Puerto Rico 2019
January 30th, 2019
Today was an adventure in the woods! We visited the Los Cabezas De San Juan Nature Reserve where they preserve one of Puerto Rico’s forests! We were guided throughout the day by an amazing women named Alejandra who’s energy and enthusiasm about the forest made everything more interesting! In the reserve we planted about 50 brand new trees! The goal for the reserves is to plant one million trees in 5 years. We got to do our part which is an amazing feeling. We also removed coconut trees which are invasive to Puerto Rico and were able to pull them out with roots and all if under 6 feet. We ended the day at the beach right next to the reserve which was awesome after being in a hot forest all day. We were able to bond and reflect on our experiences at the reserve.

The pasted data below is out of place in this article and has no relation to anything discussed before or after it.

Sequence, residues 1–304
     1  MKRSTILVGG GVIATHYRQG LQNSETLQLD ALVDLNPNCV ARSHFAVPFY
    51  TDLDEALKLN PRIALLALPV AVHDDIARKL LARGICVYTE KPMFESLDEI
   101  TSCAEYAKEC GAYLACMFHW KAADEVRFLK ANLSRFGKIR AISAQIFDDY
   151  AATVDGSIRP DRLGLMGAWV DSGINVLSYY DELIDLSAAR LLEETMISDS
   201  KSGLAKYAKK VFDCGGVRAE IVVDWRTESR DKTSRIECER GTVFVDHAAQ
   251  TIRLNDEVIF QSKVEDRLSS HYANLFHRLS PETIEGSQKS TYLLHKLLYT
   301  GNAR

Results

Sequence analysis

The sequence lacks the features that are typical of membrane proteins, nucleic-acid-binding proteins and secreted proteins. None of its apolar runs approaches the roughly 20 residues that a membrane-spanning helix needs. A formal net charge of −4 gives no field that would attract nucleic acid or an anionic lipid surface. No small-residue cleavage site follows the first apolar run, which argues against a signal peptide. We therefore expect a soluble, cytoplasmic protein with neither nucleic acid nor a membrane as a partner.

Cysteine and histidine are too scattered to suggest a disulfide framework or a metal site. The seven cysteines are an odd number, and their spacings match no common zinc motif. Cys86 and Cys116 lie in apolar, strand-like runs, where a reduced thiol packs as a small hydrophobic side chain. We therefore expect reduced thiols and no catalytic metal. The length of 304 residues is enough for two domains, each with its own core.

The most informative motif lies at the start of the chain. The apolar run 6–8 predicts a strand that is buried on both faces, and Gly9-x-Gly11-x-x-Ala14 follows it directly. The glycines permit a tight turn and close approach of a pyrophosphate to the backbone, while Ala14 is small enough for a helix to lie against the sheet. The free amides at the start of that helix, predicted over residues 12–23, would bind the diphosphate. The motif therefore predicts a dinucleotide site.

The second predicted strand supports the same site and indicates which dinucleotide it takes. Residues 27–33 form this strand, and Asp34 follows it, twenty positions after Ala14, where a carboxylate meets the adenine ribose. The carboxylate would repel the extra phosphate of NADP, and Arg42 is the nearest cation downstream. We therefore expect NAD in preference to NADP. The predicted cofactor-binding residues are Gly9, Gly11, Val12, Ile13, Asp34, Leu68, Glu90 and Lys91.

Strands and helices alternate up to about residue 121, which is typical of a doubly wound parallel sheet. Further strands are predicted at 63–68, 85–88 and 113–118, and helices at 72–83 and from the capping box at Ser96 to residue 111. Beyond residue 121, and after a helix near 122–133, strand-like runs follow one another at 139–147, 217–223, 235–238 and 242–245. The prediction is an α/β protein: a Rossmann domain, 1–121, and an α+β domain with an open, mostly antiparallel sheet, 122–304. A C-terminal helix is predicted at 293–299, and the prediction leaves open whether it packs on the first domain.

On Tuesday we traveled to a suberb of San Juan to meet up with SBP and help them with a few homes they were working on. SBP, formerly known as Saint Bernhard Project, was a group started when recovery efforts in New Orleans slowed post Hurricane Katrina. Now SPB is working with Americor and works in areas that have had hurricane damage. Their goal is to reduce the time between disaster and recovery.
We split into two groups for the day. One group worked on a tile project. The house they were at had to be almost completely demolished after the hurricane. It has retained a few of the exterior concrete walls, but that was it. The project started in September, so we installed baseboard tile. It was a slow and tedious process. The floor is not always even but the wall tiles needed to be. We are proud of our work but not going to change career paths to be masons.